I never go barefoot anymore; my feet are too tender. It has been decades since my feet had that end-of-summer toughness from many long days of going barefooted everywhere. As a child I practically lived outside. My mother taught me names of birds, trees, and wildflowers; Dad gave me a deep appreciation for the land itself with its harvests of grasses and grains. I naturally loved the lawns and pastures and the ever-changing skies with their clouds and stars. To this day I strongly identify with the wide-open space of my home place, and it delights me that it is so little changed after these many decades. I return again and again, and I am transported back for a peaceful respite.
I married a man who spent his summers on Barnegat Bay on the Jersey Shore. Over the years of our marriage, we waterskied on Barnegat Bay, we cruised the Atlantic up to Nantucket, and we sailed on P&O liners on a year’s trip around the world. After moving to southern California, we bought a small sailboat and sailed out of Dana Point. We returned from one trip to Catalina during a small craft warning, and I was nearly traumatized from eight hours of bobbing on waves that simulated a roller coaster ride. But I soon recovered from that scare. The deep love of the ocean that my husband instilled in me was his greatest gift to me on his premature death from a heart attack.
Yet, there is a very different place that also conveys deep peace to me, and that is Death Valley. The vastness of that expanse of desert feels like the vastness of the open ocean. Extremely dry or totally wet; both broadcast a sense of purity that I find peaceful. Is it because these mirror the vastness of our skies both night and day?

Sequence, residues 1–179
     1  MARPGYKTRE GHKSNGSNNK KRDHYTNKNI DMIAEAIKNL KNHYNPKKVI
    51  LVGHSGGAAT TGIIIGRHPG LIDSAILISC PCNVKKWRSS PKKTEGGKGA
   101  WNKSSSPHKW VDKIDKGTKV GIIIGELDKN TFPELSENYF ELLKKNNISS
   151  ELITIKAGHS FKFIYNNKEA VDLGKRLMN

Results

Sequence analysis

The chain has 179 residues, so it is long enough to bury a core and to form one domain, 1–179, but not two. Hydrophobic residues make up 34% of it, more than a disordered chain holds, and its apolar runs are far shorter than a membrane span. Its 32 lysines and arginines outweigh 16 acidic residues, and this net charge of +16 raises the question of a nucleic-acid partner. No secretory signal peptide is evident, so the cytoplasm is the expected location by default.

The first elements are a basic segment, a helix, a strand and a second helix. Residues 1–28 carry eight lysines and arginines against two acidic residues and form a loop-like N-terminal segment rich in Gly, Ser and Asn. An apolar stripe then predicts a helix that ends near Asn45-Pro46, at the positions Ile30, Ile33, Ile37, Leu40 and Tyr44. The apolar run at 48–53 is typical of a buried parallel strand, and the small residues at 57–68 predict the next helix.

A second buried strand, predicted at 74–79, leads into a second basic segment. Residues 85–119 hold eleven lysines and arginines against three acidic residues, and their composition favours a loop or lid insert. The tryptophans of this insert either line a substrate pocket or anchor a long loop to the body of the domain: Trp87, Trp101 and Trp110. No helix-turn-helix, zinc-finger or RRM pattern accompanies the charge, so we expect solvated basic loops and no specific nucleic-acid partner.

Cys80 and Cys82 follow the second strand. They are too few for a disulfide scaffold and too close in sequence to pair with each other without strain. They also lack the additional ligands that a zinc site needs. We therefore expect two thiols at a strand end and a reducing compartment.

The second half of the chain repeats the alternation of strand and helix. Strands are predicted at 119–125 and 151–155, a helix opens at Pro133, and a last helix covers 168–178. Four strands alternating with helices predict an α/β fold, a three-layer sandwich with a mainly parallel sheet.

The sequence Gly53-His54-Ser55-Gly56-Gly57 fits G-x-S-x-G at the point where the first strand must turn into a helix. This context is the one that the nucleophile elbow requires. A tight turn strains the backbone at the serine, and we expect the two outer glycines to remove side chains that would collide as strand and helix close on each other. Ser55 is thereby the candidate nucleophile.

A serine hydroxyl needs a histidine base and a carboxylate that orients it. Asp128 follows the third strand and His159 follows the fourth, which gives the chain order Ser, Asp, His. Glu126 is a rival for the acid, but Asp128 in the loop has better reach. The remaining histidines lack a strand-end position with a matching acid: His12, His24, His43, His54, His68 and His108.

The isolation of these last many months of the Covid-19 pandemic have been hard, even for an introvert like me. I have been saved by daily walks in my neighborhood and along the beach. I have walked round and round our yard and climbed the stairs to our roof deck to gaze upon the wide Pacific stretching beyond our beautiful, long bay that arcs in a comma shape from Point San Luis to Point Sal and encloses the smaller Avila Bay. A bay within a bay. But it is that far horizon line that my eyes seek. Sometimes it is hard and crisp and navy blue; other times the gray sea blends into the gray sky with no line at all; and yet other times the view to the west is one white glare of nothingness. The view is never the same twice; it invites me out there to forget our problems and to indulge in the peacefulness it offers.
I think we need expansive outdoor spaces because that need harkens back to our prehistoric origins when humans mostly lived outdoors and were mere specs on vast landscapes. It is part of our DNA. If we are to learn anything from this terrible pandemic, we must stop and study the patterns of our lives and analyze what habits nourish us and which diminish us. Spending more time in vast outdoor spaces strengthens me to meet the challenges we face.